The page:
Person-centered Language

by Jacquelyn McMillian-Bohler, PhD, CNM

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    00:01 Because of their biomedical education and training, healthcare providers may use language that focuses on technical practices and care procedures, rather than the person-centered aspects of the health care relationship.

    00:14 Objectively discussing people as bodies could be for a variety of reasons.

    00:19 It could be a defense mechanism that protects providers from the emotional trauma that may occur when providing care to persons in crisis.

    00:27 This language however objectifies people as bodies or medical cases rather than unique individuals.

    00:34 Unfortunately, these language patterns can hurt both the provider and the person receiving care.

    00:41 Person-centered Language is a communication method that focuses on the person rather than her diagnosis or condition.

    00:50 It is a way of speaking and writing that is respectful, inclusive, and empowering.

    00:56 One of the most impactful areas where person-centered language is important is in the care of persons who are differently abled.

    01:04 This population is one of the largest minority groups and is inclusive of all ages, ethnicities, gender identities, sexual orientations and socio-demographic levels.

    01:15 Persons who are differently abled are also those who experience some of the highest rates of discrimination in the workplace, community and in the healthcare environment.

    01:26 Person-centered language involves using words and phrases that put the person first rather than their condition or disability.

    01:34 For example, instead of referring to someone as diabetic, you would say a person with diabetes.

    01:41 Other examples of person-centered language includes using words like accessible instead of handicapped, and differently abled instead of disabled.

    01:51 This shows that you recognize the person as an individual and not define them solely based on their health condition.

    01:59 We realize that shifting your communication style can be challenging.

    02:03 It can feel like it takes more words and more time to say and consider and that would all be true.

    02:11 But when you stop to consider the impact of the word choices you make, you are more likely to convey your genuine interest in communicating with another individual rather than focusing on their medical condition.

    02:24 Begin to develop your person-centered language communication skills by asking individuals for their language preferences.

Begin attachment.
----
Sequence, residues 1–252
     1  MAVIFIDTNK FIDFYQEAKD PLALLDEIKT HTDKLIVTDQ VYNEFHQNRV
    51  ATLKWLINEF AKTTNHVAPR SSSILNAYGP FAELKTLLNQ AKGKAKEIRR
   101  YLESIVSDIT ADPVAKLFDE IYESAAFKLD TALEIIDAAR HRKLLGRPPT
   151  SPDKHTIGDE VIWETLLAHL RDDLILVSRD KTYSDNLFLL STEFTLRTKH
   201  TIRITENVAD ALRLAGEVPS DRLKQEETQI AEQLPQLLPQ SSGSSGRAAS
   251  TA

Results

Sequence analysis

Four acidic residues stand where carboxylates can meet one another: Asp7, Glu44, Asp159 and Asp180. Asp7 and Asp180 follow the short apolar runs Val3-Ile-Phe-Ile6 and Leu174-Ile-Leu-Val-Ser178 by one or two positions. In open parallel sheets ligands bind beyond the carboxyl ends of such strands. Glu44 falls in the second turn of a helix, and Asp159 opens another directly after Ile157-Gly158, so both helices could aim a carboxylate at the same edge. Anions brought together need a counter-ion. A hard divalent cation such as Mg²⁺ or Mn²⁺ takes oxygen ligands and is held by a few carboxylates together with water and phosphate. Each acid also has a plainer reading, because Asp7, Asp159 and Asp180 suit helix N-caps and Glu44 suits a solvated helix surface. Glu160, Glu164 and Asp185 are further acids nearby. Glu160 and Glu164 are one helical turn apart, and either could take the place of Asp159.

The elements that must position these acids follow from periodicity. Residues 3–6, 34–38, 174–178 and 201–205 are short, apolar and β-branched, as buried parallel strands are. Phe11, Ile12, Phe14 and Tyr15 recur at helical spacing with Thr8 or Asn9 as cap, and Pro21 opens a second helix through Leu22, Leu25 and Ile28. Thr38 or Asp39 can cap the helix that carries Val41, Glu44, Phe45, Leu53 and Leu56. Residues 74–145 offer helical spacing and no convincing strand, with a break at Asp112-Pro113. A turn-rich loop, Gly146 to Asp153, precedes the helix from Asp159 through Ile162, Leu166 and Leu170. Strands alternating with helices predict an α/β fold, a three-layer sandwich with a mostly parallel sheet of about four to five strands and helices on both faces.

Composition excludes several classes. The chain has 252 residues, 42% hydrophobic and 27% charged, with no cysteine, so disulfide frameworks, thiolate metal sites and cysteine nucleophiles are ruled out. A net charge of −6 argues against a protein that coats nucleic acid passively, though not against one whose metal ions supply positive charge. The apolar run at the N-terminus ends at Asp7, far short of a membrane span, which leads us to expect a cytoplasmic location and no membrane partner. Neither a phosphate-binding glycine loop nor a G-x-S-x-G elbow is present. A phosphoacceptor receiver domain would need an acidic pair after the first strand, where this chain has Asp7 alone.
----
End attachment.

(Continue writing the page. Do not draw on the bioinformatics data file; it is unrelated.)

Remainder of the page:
02:31 Some people prefer identity first language such as an autistic person rather than a person with autism or blind person rather than a person who is blind.

    02:42 Asking someone their preferred salutation.

    02:45 For example, Mr., Mrs., Dr. or their gender pronouns, rather than making assumptions about how they identify is another example of using preferred and respectful language.

    02:58 Use descriptors that emphasize a person's strengths, opportunities or characteristics they find value in instead of their perceived weaknesses or conditions that may be challenging.

    03:09 If a provider needs to share that a person uses mobility equipment, for example, a wheelchair, they can say, "John uses a wheelchair to get from his home to his vehicle." instead of, "John is wheelchair-bound." Another example of strength-based language is to avoid terminology that is stigmatizing.

    03:29 For example, when a client does not take their medications as prescribed, or they do not participate in exercise or dietary changes as recommended, it is more useful to use the term non-adherent rather than noncompliant which implies the client isn't following our rules.

    03:47 Model person-centered language in as many areas of your life as you can, your work, community activities and especially around younger children and persons you supervise.

    03:58 Eliminate the word handicap from your vocabulary and make a concentrated effort to emphasize strengths over perceived deficiencies.

    04:08 Person-centered language is a way of promoting respect and dignity and can help reduce the stigma and discrimination that some people with health conditions or disabilities may face.

    04:20 When providers use these approaches, people express that they feel more engaged and empowered in their own health care.

    04:27 When person-centered language is consistently used, research shows an increase in satisfaction for both providers and patients and clients.

    04:37 Also, it reduces compassion fatigue, and promotes better communication between providers and persons.

    About the Lecture

    The lecture Person-centered Language by Jacquelyn McMillian-Bohler, PhD, CNM is from the course Shared Language.

    Author of lecture Person-centered Language

     Jacquelyn McMillian-Bohler, PhD, CNM

    Jacquelyn McMillian-Bohler, PhD, CNM

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